Cross-shareholdings are the method by which companies try to increase their competitiveness by what looks like an anti-competitive maneuver. We can see similar patterns of small cross shareholdings in many internationalised industries, including airlines. (Here the purpose is not so much to improve technological advances as to reap the benefits of scale by enabling coordination of passenger transfer, including rationalization of routes.) Usually, competition law is only concerned with shareholdings that give effective control, and this allows structures of smaller cross-holdings to provide both companies with information and communication channels, formal and informal, for strategy and technology development.

Is all this anti-competitive? Perhaps, in that the companies are deterred, to a degree determined by the shareholdings, from competing with each other, but more importantly through the impetus given to alternative directions for each of them, which derives from the enhanced perceptions of the other’s strategy. Each may identify something better to do than going head-to-head. All the paraphernalia of international competition law, including that of the EU, is irrelevant in the face of this cleverness. Big companies are learning that there are better things to do than to seek dominant positions.

Which came first, the chicken or the competition?

In anticipation of Brexit, the United States has outlined its objectives for a trade agreement with the UK. Among other things, it wants to see access for its agriculture to the UK market. But US agriculture includes products such as chlorinated chicken, banned in the EU. Will the UK let these chickens in, if it “takes back control” and can make its own trade agreements?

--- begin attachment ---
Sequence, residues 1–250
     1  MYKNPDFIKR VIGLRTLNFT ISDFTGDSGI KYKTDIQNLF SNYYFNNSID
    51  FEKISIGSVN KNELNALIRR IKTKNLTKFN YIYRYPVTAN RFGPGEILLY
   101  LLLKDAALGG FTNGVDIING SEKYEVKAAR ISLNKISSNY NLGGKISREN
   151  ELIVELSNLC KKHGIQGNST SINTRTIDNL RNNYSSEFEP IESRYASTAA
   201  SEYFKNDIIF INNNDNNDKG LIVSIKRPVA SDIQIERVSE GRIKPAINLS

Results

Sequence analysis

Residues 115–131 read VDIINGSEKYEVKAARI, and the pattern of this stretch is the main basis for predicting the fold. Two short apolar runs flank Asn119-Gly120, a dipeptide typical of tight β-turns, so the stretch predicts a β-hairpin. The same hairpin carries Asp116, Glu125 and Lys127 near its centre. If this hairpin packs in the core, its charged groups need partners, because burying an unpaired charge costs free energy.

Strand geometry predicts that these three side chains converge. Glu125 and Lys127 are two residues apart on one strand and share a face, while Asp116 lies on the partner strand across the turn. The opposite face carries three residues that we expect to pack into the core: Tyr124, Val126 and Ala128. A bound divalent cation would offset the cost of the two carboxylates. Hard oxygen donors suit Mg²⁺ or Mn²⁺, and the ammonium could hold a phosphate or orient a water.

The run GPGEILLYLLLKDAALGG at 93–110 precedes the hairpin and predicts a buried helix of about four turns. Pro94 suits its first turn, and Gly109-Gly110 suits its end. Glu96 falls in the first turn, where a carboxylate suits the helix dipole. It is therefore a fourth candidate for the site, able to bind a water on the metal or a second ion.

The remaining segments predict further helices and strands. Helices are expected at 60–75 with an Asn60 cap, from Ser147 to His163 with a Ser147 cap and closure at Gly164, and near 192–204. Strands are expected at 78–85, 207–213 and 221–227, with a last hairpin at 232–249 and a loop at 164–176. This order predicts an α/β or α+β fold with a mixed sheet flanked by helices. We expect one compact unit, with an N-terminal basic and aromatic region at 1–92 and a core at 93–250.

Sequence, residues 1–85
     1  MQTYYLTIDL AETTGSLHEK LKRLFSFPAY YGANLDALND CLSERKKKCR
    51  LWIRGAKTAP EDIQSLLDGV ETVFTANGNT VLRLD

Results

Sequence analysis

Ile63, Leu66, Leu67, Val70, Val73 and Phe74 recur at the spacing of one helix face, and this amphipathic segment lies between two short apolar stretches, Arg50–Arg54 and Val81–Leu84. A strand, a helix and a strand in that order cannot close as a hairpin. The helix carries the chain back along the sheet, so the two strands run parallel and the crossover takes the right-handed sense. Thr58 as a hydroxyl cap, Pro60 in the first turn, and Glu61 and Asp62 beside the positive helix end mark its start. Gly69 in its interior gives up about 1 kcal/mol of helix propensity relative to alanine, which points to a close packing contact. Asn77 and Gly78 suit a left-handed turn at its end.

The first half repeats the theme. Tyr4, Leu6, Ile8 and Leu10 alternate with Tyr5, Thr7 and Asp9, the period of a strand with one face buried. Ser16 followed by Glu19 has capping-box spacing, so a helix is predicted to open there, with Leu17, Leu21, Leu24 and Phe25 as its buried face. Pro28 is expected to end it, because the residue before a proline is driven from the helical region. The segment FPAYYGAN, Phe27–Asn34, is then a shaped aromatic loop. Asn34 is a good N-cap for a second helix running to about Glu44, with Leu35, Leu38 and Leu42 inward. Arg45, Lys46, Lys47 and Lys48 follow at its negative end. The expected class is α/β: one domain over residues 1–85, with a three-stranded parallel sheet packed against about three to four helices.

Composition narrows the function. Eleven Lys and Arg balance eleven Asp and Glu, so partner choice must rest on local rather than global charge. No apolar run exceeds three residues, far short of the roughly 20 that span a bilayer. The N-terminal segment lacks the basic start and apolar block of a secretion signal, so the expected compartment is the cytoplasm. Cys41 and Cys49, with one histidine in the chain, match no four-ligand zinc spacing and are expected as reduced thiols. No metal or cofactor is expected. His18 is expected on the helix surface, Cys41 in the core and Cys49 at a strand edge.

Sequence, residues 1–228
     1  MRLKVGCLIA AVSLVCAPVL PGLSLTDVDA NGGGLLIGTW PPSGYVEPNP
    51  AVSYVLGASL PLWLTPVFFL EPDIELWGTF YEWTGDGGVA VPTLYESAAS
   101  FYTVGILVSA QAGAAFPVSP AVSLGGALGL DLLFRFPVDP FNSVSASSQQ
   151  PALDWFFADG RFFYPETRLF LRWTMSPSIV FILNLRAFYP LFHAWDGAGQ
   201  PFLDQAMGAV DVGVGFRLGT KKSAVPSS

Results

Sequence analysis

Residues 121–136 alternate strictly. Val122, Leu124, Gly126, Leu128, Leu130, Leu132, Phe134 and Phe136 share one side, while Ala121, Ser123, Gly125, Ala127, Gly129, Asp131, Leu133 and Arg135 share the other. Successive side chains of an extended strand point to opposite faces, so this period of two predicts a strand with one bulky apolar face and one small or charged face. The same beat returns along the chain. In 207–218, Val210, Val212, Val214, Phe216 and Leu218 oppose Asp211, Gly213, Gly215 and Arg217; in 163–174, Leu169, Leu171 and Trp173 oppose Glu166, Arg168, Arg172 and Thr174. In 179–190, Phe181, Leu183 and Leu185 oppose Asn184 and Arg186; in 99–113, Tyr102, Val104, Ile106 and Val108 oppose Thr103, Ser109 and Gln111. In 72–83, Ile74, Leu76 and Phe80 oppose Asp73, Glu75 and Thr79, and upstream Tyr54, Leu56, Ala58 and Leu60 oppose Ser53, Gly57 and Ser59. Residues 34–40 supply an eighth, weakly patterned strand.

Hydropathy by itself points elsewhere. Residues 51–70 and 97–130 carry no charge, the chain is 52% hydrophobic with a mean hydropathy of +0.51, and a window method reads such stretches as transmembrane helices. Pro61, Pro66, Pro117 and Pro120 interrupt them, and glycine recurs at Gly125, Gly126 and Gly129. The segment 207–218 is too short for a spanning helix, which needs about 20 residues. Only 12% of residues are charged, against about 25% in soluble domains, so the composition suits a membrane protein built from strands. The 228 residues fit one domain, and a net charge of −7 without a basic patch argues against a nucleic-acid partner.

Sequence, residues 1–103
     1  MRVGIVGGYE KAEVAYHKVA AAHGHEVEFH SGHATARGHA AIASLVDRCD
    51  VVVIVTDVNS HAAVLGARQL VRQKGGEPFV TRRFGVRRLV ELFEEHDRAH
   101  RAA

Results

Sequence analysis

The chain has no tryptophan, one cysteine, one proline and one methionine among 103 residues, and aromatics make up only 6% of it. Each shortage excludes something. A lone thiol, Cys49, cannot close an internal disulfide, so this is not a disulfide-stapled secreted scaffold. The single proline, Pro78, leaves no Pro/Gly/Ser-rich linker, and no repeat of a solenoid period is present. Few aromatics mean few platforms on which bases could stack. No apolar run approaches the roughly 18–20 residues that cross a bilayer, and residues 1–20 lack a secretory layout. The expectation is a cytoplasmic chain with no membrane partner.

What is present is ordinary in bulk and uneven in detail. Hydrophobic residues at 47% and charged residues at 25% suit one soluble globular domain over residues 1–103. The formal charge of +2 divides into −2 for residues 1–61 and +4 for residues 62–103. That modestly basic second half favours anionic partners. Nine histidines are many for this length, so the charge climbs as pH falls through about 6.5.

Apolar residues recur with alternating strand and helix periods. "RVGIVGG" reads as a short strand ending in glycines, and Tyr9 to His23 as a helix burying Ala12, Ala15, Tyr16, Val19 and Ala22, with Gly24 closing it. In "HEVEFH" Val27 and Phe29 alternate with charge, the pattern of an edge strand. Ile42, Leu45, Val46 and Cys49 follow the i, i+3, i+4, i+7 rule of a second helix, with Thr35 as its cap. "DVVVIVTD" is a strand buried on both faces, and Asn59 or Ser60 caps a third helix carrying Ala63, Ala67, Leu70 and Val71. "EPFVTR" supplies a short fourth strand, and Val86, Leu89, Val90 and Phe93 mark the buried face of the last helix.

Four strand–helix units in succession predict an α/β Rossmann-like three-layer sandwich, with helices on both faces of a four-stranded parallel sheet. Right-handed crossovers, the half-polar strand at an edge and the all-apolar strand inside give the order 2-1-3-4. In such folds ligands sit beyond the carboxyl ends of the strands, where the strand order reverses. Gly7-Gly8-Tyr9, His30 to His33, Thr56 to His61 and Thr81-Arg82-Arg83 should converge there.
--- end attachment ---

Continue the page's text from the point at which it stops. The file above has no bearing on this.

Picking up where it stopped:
For the US, the EU ban on chlorinated chicken is seen as a protectionist measure rather than a health protection measure. The US ambassador to the UK in an angry article in the British newspaper “Daily Telegraph” has attacked the EU approach : “Inflammatory and misleading terms like ‘chlorinated chicken’ and ‘hormone beef’ are deployed to cast American farming in the worst possible light…..It is time the myths are called out for what they really are: a smear campaign from people with their own protectionist agenda.” Even a moderate  US journal such as “The Atlantic”  states that “The European Union banned antimicrobial baths in 1997. That ban created a protected market for European and British chicken producers.” 

In fact, the picture is a good deal more nuanced. In production terms, the EU is self-sufficient in poultry meat: from 2009 onwards production has always exceeded consumption.  But the EU imports lots of chicken from other parts of the world, and exports a lot also. It imports chicken from Brazil, Thailand, the Ukraine, among others, to a total of 786 thousand tonnes in 2018, which is about 5.3 per cent of EU production, and it  exports chicken to Ukraine, Philippines, Ghana, China (Hong Kong) and others, to a total of 12 per cent of EU production.

Looking at these other countries, the UN trade statistics tell us that the EU and the US are both selling them chicken in increasing amounts. Quite frequently, the EU is selling more. The EU outsold the US in Ghana (2015-2017), Japan (2014-2016), South Africa and Ukraine (2014-2017). Only in Hong Kong and the Philippines is the EU clearly behind the US, with sales at 56 per cent and 69 per cent of the US total in 2017. It’s also interesting that the EU chicken sometimes does quite well in price terms also, with the average price per kilo higher than that for the US product in the Hong Kong, Japanese,  and South African markets in 2016 and 2017.